Gender balance and age groups: There was some balance in gender distribution. In terms of age groups, there was a majority of middle-age people, a fair share of young ones, and a few retired persons. One would have imagined that being given that it was the 50th anniversary of our country, there would be a tendency to look for people aged 70+ as witnesses of that time. I was glad this was not the case.

White vs. blue collars: In terms of professional categories, most of the interviewees can be classified as blue-collars, with a few straddling both white and blue-collar categories like the student farmer and the well-known shopkeeper politician.

The nice weirdos and outliers: There were some gems like the people doing ‘ordinary’ but useful things like mending shoes on the street or unique characters such as the tailor cum coconut seller who sings karaoke in Port-Louis. There’s also the very old lady who still works as ‘bonne à tout faire’ and the outspoken and dynamic lady who sells pickled fruits.

Despite this being about Mauritians, one student chose to interview an Indian tailor. His account in Creole of how migrant workers are treated in textile factories was quite poignant despite being sometimes difficult to understand because of his accent.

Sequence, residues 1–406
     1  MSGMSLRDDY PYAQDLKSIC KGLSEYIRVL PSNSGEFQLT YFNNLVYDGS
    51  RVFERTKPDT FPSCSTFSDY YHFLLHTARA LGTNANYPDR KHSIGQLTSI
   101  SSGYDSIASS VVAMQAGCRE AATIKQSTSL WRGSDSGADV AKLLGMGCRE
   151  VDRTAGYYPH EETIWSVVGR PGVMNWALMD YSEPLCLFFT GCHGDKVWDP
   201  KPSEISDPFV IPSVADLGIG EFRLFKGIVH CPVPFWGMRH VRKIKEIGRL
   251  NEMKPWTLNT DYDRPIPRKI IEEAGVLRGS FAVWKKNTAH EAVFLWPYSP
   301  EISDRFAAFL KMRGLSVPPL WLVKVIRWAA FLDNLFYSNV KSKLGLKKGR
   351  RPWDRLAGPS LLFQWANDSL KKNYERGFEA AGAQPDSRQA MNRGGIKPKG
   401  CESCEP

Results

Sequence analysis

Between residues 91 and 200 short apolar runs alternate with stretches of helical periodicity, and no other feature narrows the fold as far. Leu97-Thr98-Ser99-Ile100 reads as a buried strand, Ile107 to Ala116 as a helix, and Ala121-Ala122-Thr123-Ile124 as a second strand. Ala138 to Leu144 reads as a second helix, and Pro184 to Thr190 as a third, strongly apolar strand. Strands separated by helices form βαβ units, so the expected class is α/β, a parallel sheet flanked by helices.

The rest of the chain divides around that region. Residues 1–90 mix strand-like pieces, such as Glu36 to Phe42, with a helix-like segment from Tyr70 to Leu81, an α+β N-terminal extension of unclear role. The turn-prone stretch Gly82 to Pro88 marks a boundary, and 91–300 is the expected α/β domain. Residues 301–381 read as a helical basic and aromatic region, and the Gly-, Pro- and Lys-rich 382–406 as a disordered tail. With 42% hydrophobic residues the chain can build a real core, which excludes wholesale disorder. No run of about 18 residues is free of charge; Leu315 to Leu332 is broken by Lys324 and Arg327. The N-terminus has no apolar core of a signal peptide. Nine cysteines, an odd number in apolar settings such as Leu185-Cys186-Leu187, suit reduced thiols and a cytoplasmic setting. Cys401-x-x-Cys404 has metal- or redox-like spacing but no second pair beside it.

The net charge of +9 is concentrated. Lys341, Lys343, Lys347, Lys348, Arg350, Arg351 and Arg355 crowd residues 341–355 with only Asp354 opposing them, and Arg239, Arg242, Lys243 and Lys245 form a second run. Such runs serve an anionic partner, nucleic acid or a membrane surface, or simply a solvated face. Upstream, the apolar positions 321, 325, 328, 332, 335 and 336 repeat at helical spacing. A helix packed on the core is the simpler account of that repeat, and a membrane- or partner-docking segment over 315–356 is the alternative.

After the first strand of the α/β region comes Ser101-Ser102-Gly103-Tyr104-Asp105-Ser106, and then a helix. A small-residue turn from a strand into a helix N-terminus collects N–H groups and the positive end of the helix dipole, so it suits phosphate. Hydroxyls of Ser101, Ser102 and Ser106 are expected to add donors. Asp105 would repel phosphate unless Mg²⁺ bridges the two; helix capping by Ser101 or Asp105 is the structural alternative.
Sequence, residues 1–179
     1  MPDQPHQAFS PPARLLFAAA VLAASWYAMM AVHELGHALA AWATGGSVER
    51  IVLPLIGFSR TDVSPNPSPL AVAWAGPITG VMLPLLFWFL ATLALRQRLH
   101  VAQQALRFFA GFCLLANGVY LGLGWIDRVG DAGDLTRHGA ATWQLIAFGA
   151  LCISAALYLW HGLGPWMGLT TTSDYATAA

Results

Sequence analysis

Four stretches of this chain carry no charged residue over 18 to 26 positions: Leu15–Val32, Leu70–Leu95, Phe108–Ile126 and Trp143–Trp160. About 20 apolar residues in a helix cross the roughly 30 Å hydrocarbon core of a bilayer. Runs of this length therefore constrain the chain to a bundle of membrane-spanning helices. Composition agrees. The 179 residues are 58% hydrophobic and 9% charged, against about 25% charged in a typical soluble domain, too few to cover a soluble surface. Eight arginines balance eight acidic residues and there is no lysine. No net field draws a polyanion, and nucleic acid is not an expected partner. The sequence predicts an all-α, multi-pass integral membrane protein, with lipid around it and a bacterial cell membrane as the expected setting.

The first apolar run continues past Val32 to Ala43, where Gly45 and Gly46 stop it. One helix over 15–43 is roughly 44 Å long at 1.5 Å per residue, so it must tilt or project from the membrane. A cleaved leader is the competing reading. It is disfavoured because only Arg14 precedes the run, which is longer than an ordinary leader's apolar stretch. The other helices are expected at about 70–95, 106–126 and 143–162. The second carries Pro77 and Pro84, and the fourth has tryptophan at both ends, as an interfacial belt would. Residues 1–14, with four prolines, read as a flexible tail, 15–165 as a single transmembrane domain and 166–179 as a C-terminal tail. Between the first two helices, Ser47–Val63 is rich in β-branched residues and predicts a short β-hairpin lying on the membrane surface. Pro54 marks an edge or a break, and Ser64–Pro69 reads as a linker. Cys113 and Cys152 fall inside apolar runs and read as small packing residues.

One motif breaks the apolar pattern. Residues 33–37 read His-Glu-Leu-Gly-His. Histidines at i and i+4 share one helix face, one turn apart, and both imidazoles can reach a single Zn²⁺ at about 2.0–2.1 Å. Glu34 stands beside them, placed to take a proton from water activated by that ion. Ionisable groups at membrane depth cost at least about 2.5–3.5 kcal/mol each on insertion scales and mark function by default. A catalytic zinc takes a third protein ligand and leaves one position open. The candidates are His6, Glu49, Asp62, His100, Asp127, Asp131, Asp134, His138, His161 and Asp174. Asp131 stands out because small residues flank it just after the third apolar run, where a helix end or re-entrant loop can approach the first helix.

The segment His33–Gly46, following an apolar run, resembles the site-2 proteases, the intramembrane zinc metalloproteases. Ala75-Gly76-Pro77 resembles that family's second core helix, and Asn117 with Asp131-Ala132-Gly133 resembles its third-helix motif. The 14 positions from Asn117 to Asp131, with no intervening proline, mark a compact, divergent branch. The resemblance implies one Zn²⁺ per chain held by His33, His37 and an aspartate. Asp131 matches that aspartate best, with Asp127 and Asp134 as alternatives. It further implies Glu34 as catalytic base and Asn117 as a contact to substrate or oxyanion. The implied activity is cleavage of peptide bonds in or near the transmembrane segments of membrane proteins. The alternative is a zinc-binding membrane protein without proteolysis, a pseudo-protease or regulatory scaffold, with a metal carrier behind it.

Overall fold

We also had two Greek Erasmus students who joined in the class. They fully participated and were quick to identify potential interviewees. These were the only interviews conducted in English as the students did not understand Creole.

The good/bad
A company stole a student’s video about former professional footballer Eric Philogène who is now a skipper and posted it on Facebook as its own without given any credit to the student (they even added their logo and credits to the video). Luckily, when he complained, they removed it. The good in this? It means they liked the video and thought it was well done. Though I fail to see how come professional people could do such a thing, at least they reacted positively.

Caveats